Sallie and I just got back home and we're dog-tired. It was a hot day and a long day, but a good day. First, it was our grandson Chip's 2nd birthday party, and it was held about fifty miles hell and gone from here out in the country on a pumpkin farm/petting zoo/playground of vast proportions. Thankfully, we stayed mostly in the shade apart from the mile-long walk from where the car was parked over to said shade, and back. Needless to say, we drank lots of water.
Chip was in fine fettle, with an ever-present grin on his handsome little face, and a mylar balloon tagged by a string to his collar. Somehow he would manage to get it wrapped around his forehead time and time again, and he had lots of attention from everyone, particularly all the women there who had kids of their own. You see, Chip's got more friends than I have, and I'm happy for that fact.
The days, months, and years now stretch out before us on this Sunday afternoon, and I find myself somewhat pensive, wondering what the future will bring. I'm sincerely hoping, for the sake of all the grandkids, that we still have a country and a world in which to breathe free and express ourselves.
My grandfather was born in 1893, believe it or not. He was a 19th Century boy. He died in 1983 at the age of 90. My own father was born in 1935, and he remembered the town sirens going off in Madisonville, Texas, on VJ Day. Every horn was honking, folks were shooting their guns off into the sky. It was a huge celebration. This gets me to thinking about the times we live in, and the times to come. You see, my generation was never tested. My father was decidedly tested, and before he passed away, he told me about a certain raid into North Korea to get a pilot friend out of their gulag. He was witness to the death of friends during that raid, but they achieved their objective. You could say that the 1950s were a test for him as a young man. Later, he would prove to be fearless back home in the states. He became a Hellfighter working for Red Adair putting out oil well fires in the Gulf of Mexico. I was just a wee lad at that time, and all I can recall is those long six-week periods when he was away from home. My step-grandfather was in one of Patton's tank battallions during World War II. He brought home with him the flag from atop the Reichstag and two ceremonial Nazi swords and two daggers. Later in life I recall staying at his and grandma's house, and he would wake up in the night screaming.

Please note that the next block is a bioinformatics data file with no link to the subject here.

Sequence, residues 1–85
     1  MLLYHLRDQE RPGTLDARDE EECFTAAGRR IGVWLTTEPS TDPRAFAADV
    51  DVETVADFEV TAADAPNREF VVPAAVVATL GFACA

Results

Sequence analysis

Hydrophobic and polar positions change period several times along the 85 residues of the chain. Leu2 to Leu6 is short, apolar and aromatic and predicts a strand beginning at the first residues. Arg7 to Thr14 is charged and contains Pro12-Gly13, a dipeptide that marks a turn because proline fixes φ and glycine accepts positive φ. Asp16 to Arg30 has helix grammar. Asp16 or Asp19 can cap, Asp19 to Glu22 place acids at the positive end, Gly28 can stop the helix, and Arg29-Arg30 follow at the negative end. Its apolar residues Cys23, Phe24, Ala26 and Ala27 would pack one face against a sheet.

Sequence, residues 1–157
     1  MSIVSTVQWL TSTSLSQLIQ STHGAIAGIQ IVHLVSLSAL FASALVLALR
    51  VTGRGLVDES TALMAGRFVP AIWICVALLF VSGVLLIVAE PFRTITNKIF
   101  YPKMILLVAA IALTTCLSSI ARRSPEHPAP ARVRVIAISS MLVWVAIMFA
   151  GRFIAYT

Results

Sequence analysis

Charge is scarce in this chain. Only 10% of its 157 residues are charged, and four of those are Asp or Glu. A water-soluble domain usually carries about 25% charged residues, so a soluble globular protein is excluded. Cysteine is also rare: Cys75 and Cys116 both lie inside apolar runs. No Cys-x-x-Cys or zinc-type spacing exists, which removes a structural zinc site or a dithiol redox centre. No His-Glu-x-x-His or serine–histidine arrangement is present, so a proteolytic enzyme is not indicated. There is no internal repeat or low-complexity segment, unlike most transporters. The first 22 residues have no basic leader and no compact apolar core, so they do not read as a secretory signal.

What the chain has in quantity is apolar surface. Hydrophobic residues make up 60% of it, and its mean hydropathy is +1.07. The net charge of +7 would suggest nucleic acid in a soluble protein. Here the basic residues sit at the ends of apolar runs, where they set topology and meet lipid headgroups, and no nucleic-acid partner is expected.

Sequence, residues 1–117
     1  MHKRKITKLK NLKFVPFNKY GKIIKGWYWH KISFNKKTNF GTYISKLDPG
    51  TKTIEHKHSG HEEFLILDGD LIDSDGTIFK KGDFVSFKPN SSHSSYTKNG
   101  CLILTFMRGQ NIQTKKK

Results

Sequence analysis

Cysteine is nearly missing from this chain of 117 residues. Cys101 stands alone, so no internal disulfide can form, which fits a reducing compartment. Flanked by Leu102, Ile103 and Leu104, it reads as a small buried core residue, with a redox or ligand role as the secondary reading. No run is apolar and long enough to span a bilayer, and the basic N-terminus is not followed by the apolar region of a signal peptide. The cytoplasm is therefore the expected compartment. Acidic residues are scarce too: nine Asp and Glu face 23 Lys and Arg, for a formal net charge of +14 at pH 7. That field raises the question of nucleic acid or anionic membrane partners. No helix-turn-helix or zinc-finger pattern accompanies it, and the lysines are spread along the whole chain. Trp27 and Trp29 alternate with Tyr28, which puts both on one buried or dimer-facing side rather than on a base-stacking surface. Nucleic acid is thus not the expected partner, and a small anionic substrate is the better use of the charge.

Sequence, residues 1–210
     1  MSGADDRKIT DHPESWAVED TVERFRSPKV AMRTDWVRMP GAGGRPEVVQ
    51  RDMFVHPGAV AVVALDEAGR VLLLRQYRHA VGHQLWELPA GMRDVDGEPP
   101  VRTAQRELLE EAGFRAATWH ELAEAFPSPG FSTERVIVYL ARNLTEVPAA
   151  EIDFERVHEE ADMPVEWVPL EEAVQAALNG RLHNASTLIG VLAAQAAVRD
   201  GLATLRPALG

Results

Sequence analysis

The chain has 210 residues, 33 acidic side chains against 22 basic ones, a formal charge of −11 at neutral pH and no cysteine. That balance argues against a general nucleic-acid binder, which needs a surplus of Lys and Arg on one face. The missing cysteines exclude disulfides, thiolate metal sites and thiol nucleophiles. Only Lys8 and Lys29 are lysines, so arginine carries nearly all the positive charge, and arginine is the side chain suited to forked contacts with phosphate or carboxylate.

My generation? We experienced nothing. We haven't been tested. Uh uh. Not one iota. But I believe that the test is about to arrive, and the past 7-plus months have been nothing but the precursor, the calm before the storm that is about to come. I don't wish for the storm, but I must tell you that I am ready for it. No one wants to go to war. No one wants to fight. But if the fight comes to me, I'm ready for it. So should we all be.
From time to time over the years, we've heard that this army here or that one there is the greatest fighting force the world has ever seen. While I love the men and women in our military forces, the truth of the matter is that the single largest fighting force on the face of the planet is the armed American people. It's why no one is keen to invade our shores. It's why films like Red Dawn are pure fantasy.
So, here we are. You know, I've heard it said that the days leading up to World War I were some of the most quiet, peaceful, and beautiful days ever experienced. The calm. The calm before the storm.
Let me tell you folks what I am guilty of. In between writing the books I write, I have my ear ever-pressed to the ground, listening for the Indian raiding party that may be coming. I watch and absorb everything. I get chatter from all over, and not just videos. There are personal messages, insider tidbits. While most of us have been asleep, the bad people have been plotting and planning. You see, they never sleep. So I have reason to wonder, on this day of celebration, what the future will hold for my family. While I have every hope it will be good, I await the new day with patience, and readiness.
Okay, I guess that's about it.
Y'all take care.